The ideology of hating women

ANALYSIS: The recent mass shooting in the small university town of Isla Vista, California, has put a spotlight on misogyny. If anything good is to come of the tragedy, we have to stop pretending such hatred is any less dangerous than other forms of extremism.

Audhild Skoglund

Photo: Shutterstock. Copyrighted.

Photo: Shutterstock. Copyrighted.

Twenty-two-year-old Elliot Rodger’s rampage started in his dormitory, where he killed three young men, two of whom he shared the flat with. Then he got into his car and headed to a women’s sorority house, with the intention of killing the female students there. In all he killed seven young people, including himself, and injured another 13. Although his victims were of both sexes, his motive was made clear in a 137-page manifesto:

“I will punish all females for the crime of depriving me of sex. They have starved me of sex for my entire youth, and gave that pleasure to other men. In doing so, they took many years of my life away. I cannot kill every single female on earth, but I can deliver a devastating blow that will shake all of them to the core of their wicked hearts.”

This he called his War on Women.

“A magnificent gentleman”
The manifesto and YouTube videos of Elliot Rodger reveal a young man with severe personality problems who was socially awkward and full of hate. His biggest complaint was against women, who failed to appreciate the qualities he saw in himself. Rodger had no success with women, and could not understand why: “Women must be punished for their crimes of rejecting such a magnificent gentleman as myself.” He considered himself a catch. More than that, he perceived himself as having a right to sex, a right women denied him. This he summed up in ideological terms, which included a final solution:

The first strike against women will be to quarantine all of them in concentration camps. At these camps, the vast majority of the female population will be deliberately starved to death. That would be an efficient and fitting way to kill them all off. I would take great pleasure and satisfaction in condemning every single woman on earth to starve to death. I would have an enormous tower built just for myself, where I can oversee the entire concentration camp and gleefully watch them all die. If I can’t have them, no one will, I’d imagine thinking to myself as I oversee this. Women represent everything that is unfair with this world, and in order to make the world a fair place, they must all be eradicated.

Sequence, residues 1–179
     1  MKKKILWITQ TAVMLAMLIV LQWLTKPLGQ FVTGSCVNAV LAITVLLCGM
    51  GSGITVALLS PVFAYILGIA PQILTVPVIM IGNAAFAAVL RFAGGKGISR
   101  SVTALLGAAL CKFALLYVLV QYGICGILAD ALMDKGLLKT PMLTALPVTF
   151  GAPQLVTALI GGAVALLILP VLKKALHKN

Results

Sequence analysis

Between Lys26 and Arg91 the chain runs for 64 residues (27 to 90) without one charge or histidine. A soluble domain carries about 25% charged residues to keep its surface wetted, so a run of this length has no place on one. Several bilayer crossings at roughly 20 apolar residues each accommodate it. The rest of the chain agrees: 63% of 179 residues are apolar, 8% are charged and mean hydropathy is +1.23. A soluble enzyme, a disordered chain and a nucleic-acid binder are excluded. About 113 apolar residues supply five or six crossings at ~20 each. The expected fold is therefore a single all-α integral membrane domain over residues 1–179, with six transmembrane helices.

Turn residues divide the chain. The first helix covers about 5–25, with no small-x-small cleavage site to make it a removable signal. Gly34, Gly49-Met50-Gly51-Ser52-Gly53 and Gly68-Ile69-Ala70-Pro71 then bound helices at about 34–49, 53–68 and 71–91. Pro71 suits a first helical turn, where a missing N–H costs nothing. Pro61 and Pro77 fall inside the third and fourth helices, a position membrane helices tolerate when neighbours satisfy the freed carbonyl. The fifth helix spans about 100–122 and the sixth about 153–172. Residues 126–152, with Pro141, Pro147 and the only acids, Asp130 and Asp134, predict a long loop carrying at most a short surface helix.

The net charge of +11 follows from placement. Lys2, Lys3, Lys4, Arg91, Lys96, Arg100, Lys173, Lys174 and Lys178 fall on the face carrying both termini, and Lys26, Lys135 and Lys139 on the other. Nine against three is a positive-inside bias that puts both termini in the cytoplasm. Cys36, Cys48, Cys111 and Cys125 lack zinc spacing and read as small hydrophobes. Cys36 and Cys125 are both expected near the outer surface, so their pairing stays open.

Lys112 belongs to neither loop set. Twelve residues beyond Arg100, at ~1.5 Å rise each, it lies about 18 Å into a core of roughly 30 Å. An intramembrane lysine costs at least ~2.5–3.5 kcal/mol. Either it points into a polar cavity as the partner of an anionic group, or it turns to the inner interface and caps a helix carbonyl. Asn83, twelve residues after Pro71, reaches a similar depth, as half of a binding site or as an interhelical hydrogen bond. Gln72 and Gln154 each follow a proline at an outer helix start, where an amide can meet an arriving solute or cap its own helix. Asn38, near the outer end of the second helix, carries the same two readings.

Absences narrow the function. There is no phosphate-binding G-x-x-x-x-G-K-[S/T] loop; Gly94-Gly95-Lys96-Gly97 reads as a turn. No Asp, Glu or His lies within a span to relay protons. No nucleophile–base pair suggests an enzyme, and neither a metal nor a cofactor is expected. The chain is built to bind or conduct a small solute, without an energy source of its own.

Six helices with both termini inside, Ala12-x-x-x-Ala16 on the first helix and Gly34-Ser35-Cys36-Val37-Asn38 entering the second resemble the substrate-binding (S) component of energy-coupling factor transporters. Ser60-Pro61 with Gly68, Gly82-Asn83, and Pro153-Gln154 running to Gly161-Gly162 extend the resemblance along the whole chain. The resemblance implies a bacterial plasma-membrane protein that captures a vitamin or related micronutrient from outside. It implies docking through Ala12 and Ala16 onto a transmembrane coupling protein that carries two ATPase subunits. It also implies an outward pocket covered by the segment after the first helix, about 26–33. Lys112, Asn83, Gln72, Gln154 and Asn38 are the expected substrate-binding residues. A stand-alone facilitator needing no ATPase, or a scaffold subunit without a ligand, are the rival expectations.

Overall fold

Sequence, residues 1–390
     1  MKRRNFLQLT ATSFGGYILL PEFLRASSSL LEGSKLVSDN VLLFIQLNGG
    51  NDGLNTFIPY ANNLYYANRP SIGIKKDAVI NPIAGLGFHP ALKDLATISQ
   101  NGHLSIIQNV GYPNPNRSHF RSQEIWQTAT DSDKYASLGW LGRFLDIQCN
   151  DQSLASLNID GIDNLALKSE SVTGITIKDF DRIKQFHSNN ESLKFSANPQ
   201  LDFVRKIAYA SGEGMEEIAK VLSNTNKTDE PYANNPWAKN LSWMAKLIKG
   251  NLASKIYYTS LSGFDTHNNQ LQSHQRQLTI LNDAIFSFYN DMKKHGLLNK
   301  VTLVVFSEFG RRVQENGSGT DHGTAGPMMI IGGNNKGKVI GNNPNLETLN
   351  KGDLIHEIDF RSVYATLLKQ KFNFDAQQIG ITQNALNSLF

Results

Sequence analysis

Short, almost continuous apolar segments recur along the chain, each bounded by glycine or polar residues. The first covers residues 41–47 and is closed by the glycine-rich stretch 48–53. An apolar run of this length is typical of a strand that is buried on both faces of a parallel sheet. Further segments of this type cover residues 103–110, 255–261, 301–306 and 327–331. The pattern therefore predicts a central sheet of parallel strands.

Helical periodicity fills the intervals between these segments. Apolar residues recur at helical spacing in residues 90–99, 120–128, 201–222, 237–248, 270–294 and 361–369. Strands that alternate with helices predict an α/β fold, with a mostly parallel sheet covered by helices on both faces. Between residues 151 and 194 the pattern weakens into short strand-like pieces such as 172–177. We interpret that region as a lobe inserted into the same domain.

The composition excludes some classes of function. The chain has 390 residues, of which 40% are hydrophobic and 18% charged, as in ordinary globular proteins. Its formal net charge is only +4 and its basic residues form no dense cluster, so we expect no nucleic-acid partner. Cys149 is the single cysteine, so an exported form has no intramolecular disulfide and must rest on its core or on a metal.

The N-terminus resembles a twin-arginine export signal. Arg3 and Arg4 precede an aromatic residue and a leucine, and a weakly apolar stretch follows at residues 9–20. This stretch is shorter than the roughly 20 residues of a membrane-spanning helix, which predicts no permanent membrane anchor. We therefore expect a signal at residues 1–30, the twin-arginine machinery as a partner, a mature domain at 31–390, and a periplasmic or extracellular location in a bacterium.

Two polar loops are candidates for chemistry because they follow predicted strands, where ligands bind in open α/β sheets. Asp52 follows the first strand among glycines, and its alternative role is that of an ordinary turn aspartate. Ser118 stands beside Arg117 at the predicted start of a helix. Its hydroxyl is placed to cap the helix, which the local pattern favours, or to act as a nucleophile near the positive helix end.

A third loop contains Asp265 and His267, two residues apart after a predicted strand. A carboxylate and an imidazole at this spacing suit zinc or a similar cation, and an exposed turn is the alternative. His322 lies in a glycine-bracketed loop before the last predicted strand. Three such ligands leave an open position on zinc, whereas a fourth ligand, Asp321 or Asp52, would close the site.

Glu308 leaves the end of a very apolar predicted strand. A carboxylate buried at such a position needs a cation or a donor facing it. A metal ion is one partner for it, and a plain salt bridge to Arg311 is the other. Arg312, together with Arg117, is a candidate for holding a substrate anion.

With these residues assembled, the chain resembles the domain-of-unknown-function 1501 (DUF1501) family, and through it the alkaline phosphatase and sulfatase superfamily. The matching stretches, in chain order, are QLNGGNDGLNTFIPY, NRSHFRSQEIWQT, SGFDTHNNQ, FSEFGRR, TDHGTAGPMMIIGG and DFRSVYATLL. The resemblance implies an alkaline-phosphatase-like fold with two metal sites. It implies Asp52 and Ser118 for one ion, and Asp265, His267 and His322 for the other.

Some have tried to write Rodger off as a disturbed young man acting out of personal motives, not ideology. Others have focused on the women-bashing Internet forums that Rodger frequented, and on the wider problem of misogynistic rants found in social media and the comment section of online newspapers. These two views of Rodger may seem mutually exclusive, but both are key ingredients in most lone-wolf terrorism.

The whining terrorist
If we study Elliot Rodger’s manifesto more closely, we find he has a problem not only with vile, sex-withholding women, but with most of humanity.

Elliot Rodger (Photo: screenshot from his anti-feminist hate video released on YouTube and other sites)

Elliot Rodger (Photo: screenshot from his anti-feminist hate video released on YouTube and other sites)

The manifesto is written as a personal biography, with Rodger’s interpretation of his evolution through the years. The first few years of childhood seem to pass without drama. Still, from a young age he has trouble with social interactions, and his isolation gets worse with each year.